James Gurney: Not really, because they're bound in sketchbooks. News about original works for sale and exhibit can be found on my original art blog.
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Thomas Kauffman Do you use your sketches for studio work later on or is this as far as you take these.
James Gurney: I occasionally do sketches with the intention of gathering references for studio work, but most of these are done for fun, memories, learning.
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Kathy Jenkins: Does the paper have to be primed before painting in a sketchbook etc?
James Gurney: No, you can definitely paint straight on the paper.
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Your Questions about Painting
Chikkachinijohannady: "Why didn't you show the entire process? It suddenly got detailed after you said you hope they won't call you yet."
James Gurney: Sorry I couldn't show the whole process. It's really hard to paint with one hand and film with another, and the later stages of painting required me to use the left hand for holding the ruler. I had no tripod for the camera so I had to hold it in my left hand while I was painting. Toward the end I set down the camera because I had to focus and 'turn on the jets' so to speak.
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Artwork By Mari: "Do you do all the camera work or is Jeanette also working the camera at moments? I find that working the camera distracts me so much when I am painting for my channel, so I’m interested to know!"
James GurneyYes, I do all the camera work. It's almost second nature for me, but sometimes I have to push the camera aside and focus only on painting. Sometimes I can get Jeanette to shoot a few angles, but normally she's too busy with her own picture. Here's a blog post with a shot list.
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Nevington: When did you and Thomas Kinkade part ways in life? Was it because he went into painting cottages and you had your own ideas for an art career? just wondering... thanks again!
James GurneyEach of us got married, left Los Angeles, moved to places 3000 miles apart, raised families, and got busy with life. But we always remained friends and in touch and managed to get our families together and paint together every couple years.
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Your Questions about Painting Your Questions about Painting

Vadim Derkach: I have a question about gouache lightfastness. Do you pay attention to the lightfastness when you pick your colors? I have just bought 24 colors Holbein gouache set. Most of the paints in the set have a 2 or less lightfastness rating. Is a rating of 2 which means "Moderately durable colors" according to Holbein acceptable for artists? Do you paint with such colors?
James GurneyYes, I am concerned about this, especially when I'm doing work that will be exposed to light. Reputable manufacturers should list lightfastness ratings, or at least tell you the pigments on the label so that you can make an informed decision. I also recommend doing your own tests. Here are a few I've done:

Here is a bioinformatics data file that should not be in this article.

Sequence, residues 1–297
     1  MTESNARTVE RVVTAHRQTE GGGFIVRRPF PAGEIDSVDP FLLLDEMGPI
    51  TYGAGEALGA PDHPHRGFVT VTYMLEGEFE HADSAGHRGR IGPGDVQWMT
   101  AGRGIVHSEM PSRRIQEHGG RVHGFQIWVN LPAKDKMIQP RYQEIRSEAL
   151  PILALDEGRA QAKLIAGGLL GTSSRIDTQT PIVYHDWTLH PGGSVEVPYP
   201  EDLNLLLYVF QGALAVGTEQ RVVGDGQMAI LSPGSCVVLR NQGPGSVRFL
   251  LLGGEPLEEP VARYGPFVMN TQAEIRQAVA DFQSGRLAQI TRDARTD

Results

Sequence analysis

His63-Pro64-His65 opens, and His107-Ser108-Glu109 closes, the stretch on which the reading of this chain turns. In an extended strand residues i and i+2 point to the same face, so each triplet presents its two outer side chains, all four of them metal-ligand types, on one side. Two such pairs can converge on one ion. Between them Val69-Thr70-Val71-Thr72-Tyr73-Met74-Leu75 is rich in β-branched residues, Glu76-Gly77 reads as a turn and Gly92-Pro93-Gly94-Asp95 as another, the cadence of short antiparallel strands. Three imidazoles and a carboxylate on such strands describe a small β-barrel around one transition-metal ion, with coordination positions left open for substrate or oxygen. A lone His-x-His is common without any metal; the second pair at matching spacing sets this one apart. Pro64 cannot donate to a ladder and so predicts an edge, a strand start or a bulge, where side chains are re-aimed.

Lightfastness tests for pencil and watercolor. and Fade test for gouache.
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Nihonga Painting

Nihonga Painting
Nihonga painting by Takeuchi Seiho
Nihonga is the name for a a water-based painting tradition from East Asia that uses some opaque pigments.

Nihonga Painting
Madaraneko (斑猫, Tabby Cat) by Takeuchi Seihō, (1924)
Nihonga painting was introduced to Taiwan during the Japanese colonial era of the late 19th and early 20th centuries. It came into its own during the Meiji and Showa eras in Japan, and is still being practiced.

Nihonga Painting

It has similarities and differences with gouache painting in Europe and America. Pigments are made from natural minerals such as shells, corals, and semi-precious stones, ground to powders of different densities. The binder is a hide glue called nikawa, which, like gum arabic, can be reactivated after it dries.

Nihonga Painting

The paint also uses powdered calcium carbonite called gofun that serves as an opacifier, which is used in the ground, underpainting, or the surface color. The paintings decorate hanging or folding screens, but more often they're made on stretched paper and framed under glass.
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Article: Taipei Times
Wikipedia: Nihonga painting
Blog: "Nippon Dreamz: Nihonga"
Book: Nihonga: Transcending the Past : Japanese-Style Painting, 1868-1968

The Lot Behind the Car Dealer

It's late afternoon and the sun is setting behind the car dealership in Kingston. I'm struck by a view that looks back to the lot where they keep all the extra cars.


As complex as this scene first appears, it boils down to two simple flanking dark masses and a path of light back to the horizon.


Darn! A big truck parks right in front of my view, so I have to deploy X-ray vision. (Link to Facebook video)
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MATERIALS:
Pentalic watercolor sketchbook
Richeson travel brush set
Connoisseur "cat's tongue" brush
Water cup
Homemade easel
Tripod
"Gouache in the Wild"

Seeing the Big Shapes, Painting the DetailsPriming for a Gouache PaintingGetting an Oil Change, So Let's PaintPainting While Facing the LightThe Red Eye from NewarkPainting a Supermarket EntranceI Rub Out a Painting and Try AgainYour Questions about Painting Nihonga PaintingThe Lot Behind the Car Dealer